These former penitentiaries are home to history, mystery and even paranormal activity.
Few would consider visiting a former prison when planning a trip, but these six Western prisons will make planners reconsider that line of thinking. After all, at these prisons, visitors can hear stories of the wicked, walk among ghosts and learn about the early days of America’s prison system. Alcatraz, Old Idaho Penitentiary, Yuma Territorial Prison, Missouri State Penitentiary, Wyoming Territorial Prison and Old Montana Prison are places of history, mystery and even paranormal activity.
Alcatraz Island in San Francisco is a place where many histories have unfolded. Before Alcatraz, otherwise known as The Rock, was home to the likes of Al Capone and George “Machine Gun” Kelly, it served as a fortress to protect the San Francisco Bay from pirates and later housed military prisoners during the Civil War. The former prison became a symbol for Native American plight when the Indians of All Tribes occupied the island in 1969. It should come as no surprise that today, some 1 million tourists flock to this historic site. Alcatraz attractions include a boat trip to and from the island, the cell house audio tour (included in the price of the ferry ticket) and much more.
Missouri State Penitentiary
One of the main attractions of Jefferson City, Missouri, the Missouri State Penitentiary attracts visitors from across the globe as they enjoy history and photography tours that tell of executions, notable women and the riot of 1954. In its heyday, it was named by Time Magazine as “The bloodiest 47 acres in America.” Constructed in 1836, this prison operated for 168 years until its decommissioning in 2004. These centennial cells held criminals such as James Earl Ray, who shook the nation at the height of the Civil Rights Movement. Guests looking for a close encounter with the paranormal will be delighted with the Ghost & Paranormal Tour which highlights mysterious occurrences that took place in MSP. “The Missouri State Penitentiary offers both private and public history, ghost and photography tours from March to November,” said Jordan Rowles, convention/group sales manager for the Jefferson City Convention and Visitors Bureau. “Many of the MSP tour staff worked at the prison in some capacity prior to its decommissioning, so their personal experience with the penitentiary provides a unique insight to life inside The Walls.”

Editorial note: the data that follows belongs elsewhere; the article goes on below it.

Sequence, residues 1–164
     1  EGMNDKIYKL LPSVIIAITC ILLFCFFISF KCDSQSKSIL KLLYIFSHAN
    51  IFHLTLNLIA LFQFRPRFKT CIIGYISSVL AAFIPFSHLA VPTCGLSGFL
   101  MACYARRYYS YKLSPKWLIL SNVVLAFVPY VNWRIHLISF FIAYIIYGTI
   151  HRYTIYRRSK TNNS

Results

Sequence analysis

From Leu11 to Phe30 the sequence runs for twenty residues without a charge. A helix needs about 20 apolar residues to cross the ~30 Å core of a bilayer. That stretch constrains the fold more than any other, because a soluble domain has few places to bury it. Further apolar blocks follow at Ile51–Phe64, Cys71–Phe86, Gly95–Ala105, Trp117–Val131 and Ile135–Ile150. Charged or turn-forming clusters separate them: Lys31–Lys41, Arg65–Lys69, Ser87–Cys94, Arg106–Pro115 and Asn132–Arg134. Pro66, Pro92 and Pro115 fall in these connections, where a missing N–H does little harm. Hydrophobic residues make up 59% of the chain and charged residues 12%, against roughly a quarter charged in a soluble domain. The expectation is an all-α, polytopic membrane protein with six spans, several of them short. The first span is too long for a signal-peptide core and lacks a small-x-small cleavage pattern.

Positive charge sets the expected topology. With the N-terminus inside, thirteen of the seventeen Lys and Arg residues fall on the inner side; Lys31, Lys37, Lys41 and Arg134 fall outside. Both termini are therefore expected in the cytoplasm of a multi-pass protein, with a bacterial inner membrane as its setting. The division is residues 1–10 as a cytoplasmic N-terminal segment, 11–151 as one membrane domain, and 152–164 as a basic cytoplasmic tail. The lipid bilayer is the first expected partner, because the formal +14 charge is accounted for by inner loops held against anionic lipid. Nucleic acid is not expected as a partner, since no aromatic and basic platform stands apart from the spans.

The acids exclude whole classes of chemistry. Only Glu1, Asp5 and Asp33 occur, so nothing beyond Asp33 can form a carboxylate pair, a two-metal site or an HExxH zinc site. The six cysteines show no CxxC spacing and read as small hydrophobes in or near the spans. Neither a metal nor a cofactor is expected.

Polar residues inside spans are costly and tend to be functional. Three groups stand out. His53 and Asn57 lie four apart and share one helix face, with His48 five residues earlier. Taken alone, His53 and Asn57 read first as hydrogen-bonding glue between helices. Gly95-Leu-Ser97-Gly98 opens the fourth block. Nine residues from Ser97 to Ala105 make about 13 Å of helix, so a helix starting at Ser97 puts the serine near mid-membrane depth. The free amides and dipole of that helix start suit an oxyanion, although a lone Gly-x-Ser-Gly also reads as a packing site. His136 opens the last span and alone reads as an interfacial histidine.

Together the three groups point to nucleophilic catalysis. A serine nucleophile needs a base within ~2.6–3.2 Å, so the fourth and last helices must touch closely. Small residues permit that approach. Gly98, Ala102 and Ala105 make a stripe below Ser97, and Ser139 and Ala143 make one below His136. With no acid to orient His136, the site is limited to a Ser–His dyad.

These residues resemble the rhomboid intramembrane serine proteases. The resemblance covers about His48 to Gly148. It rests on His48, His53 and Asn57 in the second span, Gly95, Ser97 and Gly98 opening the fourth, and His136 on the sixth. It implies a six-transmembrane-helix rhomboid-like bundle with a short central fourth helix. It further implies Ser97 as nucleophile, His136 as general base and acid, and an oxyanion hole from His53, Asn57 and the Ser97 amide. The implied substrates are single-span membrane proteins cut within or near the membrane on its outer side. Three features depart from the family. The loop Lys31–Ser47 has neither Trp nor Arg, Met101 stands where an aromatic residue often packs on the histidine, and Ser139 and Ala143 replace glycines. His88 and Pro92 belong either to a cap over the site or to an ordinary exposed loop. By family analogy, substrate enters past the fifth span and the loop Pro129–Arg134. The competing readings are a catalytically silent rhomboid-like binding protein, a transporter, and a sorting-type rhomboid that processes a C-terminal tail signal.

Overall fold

Old Idaho Penitentiary
Also known as the Territorial Prison, Old Idaho Penitentiary in Boise, Idaho has a history of 101 years of operation and received more than 13,000 inmates. Originally constructed in 1872 as a single cell-house, it grew to include several buildings which today hold a variety of educational exhibits. Tour Old Pen’s Solitary Confinement, cell blocks and the Gallows and hear stories of famous inmates such as Harry Orchard and Lady Bluebeard. Be sure to check out the J. Curtis Earl Memorial Exhibit, a collection of historic arms and military memorabilia which dates back as far as 3500 B.C.
Old Montana Prison
Today, within the convict-constructed sandstone walls of Old Montana Prison is Powell County Museum, Frontier Montana Museum, Yesterday’s Playthings and the Montana Auto Museum. The first territorial prison in the western United States tells of the order in the Wild West. This medieval structure was constructed in 1871, before Montana achieved statehood in 1889, due to an influx of lawless men (and some women) drawn to the West by the promise of gold, and would remain in operation for 100 years. Here, guests have the benefit of choosing guided and/or self-guided history tours. Visitors will walk through the cellblocks such as the famous Cell No.1, which was occupied by murderer Paul “Turkey Pete” Eitner.
Wyoming Territorial Prison
A fast draw between outlaws and lawmen in Wyoming prompted the construction of this prison in 1872. This former prison held “evil doers of all kinds and classes” during its 30 years of operation. Here, guests learn about gunslingers such as Butch Cassidy, who were legends of the Wild West. During the self-guided tour through the oldest building in Wyoming, visitors will get to explore furnished cells, the prisoners’ dining area, guards’ quarters, infirmary, women’s quarters, laundry room, warden’s office and various exhibit galleries
Yuma Territorial Prison
Arizona’s territory’s first prison, Yuma Territorial Prison is a living museum of the Old West. Constructed in 1876 by its first inmates, it operated for 33 years until it shut down in 1909. It was a criminal’s paradise— prisoners crafted, learned to read and write and were given good dedical support.
This historic site is in operation today as a 3,600-square-foot museum with exhibits on Yuma’s history and holds recently discovered prison artifacts. Touring this historic state park includes walking through outside buildings and features original cellblocks, the water tank, guard tower, sally port (entrance gate), library room, the dark cell, new yard and cells.
By Gabriela Bittencourt